When it comes to sit-and-stand desks, you have a lot of options. You could choose a desk that easily adjusts to different heights for sitting and standing. You can also get a standing desk converter to sit on top of a standard seated desk, allowing you to move from the desk’s height (perhaps with an inch or two added) to an adjustable standing height. Both options have pros and cons—let’s take a closer look.
Considerations for sit-and-stand options
No matter the type of sit-and-stand desk you’re interested in, you should consider several factors before making a purchase.
Nobody wants to work on a shaky surface, but as you raise a desk (or converter) higher and higher, it can affect stability, especially if you’re an enthusiastic keyboarder. Look for models that boast excellent stability at all heights to avoid feeling like you’re working on a rickety setup. When it comes to converters, a heavily weighted base can make a big difference in creating a stable workspace.
Most models should have plenty of capacity for a typical workspace. If you know that your desk will need to hold something particularly heavy, make sure you select an option that can stand up to the task.
Spaces and places
If you only need a spot for your keyboard and monitor or laptop, any flat surface should do. But if you have a separate ergonomic keyboard, a mouse, a second monitor, or anything beyond the bare minimum, take a careful look at the model you’re considering to ensure everything will fit.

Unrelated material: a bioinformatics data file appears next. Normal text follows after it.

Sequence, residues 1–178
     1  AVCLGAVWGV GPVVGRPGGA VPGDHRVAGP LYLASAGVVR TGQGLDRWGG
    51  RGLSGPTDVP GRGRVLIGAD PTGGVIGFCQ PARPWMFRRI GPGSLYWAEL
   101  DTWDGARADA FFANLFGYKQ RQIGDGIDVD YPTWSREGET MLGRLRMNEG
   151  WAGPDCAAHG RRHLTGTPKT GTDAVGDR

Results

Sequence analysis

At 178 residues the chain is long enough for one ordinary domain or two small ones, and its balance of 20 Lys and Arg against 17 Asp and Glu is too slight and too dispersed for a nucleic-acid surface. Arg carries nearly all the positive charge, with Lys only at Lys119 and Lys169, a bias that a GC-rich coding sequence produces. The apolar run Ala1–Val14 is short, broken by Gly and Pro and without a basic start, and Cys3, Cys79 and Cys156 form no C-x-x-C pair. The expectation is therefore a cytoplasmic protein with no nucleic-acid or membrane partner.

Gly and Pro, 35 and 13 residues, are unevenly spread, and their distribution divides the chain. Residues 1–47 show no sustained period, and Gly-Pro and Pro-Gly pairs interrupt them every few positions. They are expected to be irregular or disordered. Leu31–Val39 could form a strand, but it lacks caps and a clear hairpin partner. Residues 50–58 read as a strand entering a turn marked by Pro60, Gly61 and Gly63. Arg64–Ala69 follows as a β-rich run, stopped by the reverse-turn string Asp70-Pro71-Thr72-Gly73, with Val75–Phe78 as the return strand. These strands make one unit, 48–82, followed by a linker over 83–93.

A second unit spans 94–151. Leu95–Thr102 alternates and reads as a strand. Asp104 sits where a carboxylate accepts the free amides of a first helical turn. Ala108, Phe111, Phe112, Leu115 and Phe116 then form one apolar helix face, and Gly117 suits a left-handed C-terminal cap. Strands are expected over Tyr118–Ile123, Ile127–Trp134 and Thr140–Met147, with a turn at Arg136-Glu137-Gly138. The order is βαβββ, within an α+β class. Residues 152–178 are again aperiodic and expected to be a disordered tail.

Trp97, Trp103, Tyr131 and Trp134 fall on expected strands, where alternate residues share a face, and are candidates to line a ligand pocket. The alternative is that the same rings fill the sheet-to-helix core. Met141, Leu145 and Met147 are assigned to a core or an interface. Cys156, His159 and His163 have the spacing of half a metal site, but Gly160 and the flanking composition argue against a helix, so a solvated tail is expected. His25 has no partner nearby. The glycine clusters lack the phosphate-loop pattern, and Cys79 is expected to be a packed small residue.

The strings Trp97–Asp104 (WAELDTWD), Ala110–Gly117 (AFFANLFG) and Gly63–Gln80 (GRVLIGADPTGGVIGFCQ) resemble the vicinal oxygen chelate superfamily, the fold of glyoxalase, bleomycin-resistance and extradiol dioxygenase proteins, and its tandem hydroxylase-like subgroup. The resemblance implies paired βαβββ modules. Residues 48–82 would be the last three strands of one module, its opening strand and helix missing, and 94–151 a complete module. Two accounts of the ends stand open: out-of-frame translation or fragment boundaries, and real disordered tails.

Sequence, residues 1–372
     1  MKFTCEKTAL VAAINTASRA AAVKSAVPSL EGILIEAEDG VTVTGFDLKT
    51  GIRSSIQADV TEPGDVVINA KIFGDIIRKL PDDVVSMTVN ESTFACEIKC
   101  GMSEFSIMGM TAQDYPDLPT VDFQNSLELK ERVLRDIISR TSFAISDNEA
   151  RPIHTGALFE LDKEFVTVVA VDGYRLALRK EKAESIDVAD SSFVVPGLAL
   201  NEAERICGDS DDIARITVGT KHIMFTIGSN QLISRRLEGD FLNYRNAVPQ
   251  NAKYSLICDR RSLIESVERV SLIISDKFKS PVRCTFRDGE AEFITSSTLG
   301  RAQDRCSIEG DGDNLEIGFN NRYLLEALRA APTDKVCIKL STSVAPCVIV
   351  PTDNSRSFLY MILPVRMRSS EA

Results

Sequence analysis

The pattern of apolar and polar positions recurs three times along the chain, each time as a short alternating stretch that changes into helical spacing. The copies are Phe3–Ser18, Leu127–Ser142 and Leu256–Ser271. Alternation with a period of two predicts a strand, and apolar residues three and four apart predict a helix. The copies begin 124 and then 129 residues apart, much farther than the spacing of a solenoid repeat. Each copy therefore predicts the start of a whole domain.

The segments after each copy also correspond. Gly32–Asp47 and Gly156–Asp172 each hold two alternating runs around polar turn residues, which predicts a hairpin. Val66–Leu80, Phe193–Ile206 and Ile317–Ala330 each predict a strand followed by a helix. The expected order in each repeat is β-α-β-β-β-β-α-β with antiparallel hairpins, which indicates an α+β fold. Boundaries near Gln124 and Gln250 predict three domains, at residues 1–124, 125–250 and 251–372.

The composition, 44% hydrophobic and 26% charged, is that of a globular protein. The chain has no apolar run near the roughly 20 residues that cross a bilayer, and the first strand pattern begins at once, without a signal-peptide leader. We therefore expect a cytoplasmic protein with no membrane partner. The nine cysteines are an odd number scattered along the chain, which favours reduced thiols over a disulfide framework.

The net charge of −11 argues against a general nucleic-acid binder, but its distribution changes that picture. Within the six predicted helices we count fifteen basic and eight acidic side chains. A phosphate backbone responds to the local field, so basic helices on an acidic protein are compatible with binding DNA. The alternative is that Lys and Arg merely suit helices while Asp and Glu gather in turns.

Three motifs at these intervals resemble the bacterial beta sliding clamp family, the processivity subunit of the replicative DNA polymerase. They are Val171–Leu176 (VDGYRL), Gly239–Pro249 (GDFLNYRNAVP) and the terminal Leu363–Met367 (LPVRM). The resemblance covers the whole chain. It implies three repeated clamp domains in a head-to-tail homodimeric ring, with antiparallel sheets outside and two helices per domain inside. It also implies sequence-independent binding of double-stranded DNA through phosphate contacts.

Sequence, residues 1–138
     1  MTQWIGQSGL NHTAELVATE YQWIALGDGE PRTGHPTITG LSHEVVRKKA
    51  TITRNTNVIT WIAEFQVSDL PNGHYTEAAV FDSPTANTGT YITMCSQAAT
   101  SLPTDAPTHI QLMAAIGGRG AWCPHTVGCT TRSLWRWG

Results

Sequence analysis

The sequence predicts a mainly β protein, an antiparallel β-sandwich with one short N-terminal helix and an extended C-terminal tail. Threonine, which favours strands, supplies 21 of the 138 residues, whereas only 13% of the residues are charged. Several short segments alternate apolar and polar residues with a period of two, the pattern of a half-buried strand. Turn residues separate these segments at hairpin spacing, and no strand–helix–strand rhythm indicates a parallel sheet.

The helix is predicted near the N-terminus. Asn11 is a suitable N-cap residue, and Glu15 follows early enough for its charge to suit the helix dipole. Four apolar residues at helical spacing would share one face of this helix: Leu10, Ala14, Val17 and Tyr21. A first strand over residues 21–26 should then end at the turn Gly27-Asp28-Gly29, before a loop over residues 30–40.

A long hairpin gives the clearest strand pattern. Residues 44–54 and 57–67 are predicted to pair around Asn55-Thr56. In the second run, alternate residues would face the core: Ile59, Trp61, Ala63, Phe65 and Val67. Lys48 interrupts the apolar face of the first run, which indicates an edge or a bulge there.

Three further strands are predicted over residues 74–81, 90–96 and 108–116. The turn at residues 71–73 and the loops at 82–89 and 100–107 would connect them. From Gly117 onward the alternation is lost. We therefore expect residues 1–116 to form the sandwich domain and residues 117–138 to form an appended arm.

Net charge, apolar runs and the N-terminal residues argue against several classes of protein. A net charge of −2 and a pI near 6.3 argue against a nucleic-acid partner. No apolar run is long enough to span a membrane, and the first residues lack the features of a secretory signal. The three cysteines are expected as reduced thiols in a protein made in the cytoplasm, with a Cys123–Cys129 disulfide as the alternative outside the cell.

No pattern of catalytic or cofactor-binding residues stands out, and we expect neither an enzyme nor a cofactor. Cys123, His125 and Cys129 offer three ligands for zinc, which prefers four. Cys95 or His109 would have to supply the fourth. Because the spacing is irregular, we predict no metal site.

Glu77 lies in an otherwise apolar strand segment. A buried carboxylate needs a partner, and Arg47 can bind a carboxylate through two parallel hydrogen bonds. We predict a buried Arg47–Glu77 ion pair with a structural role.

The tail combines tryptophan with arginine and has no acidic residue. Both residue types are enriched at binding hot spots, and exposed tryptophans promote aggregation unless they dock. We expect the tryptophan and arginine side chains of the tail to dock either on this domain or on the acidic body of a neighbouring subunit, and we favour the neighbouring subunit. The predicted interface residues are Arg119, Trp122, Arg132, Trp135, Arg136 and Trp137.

Also consider if you can create a setup that supports good back, neck, wrist, and arm posture. You may be able to add an adjustable keyboard tray, a monitor arm, or other items to your sit-and-stand desk to complete your space.
Manual or automatic
No, we’re not talking cars. Some desks and converters change heights using a crank, which is really best in cases where only minor changes in height are needed. For moving your surface from sitting to standing height, manual options with a spring-assisted lift make the process faster and far less labor-intensive. Electric options that move automatically from one set height to another are also easy to use.
How to make a smooth transition to standing
You’ve already learned that it’s best to incorporate a mix of standing and sitting into your workday. If you want to set yourself up for sit-and-stand desk success, keep the following guidelines in mind.